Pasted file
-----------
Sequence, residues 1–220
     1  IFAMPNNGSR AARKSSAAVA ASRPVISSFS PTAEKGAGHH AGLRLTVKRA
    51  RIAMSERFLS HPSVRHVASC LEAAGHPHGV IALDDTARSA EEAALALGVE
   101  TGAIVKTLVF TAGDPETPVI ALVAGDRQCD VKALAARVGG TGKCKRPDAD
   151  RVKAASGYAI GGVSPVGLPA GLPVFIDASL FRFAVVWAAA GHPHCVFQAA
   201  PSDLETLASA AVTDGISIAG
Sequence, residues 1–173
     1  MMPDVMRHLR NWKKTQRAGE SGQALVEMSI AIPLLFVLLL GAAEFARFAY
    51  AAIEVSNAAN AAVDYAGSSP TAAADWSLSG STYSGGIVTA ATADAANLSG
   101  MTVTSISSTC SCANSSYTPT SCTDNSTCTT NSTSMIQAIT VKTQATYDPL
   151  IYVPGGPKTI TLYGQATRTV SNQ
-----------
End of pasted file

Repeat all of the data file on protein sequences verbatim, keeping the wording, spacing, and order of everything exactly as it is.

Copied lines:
Sequence, residues 1–220
     1  IFAMPNNGSR AARKSSAAVA ASRPVISSFS PTAEKGAGHH AGLRLTVKRA
    51  RIAMSERFLS HPSVRHVASC LEAAGHPHGV IALDDTARSA EEAALALGVE
   101  TGAIVKTLVF TAGDPETPVI ALVAGDRQCD VKALAARVGG TGKCKRPDAD
   151  RVKAASGYAI GGVSPVGLPA GLPVFIDASL FRFAVVWAAA GHPHCVFQAA
   201  PSDLETLASA AVTDGISIAG
Sequence, residues 1–173
     1  MMPDVMRHLR NWKKTQRAGE SGQALVEMSI AIPLLFVLLL GAAEFARFAY
    51  AAIEVSNAAN AAVDYAGSSP TAAADWSLSG STYSGGIVTA ATADAANLSG
   101  MTVTSISSTC SCANSSYTPT SCTDNSTCTT NSTSMIQAIT VKTQATYDPL
   151  IYVPGGPKTI TLYGQATRTV SNQ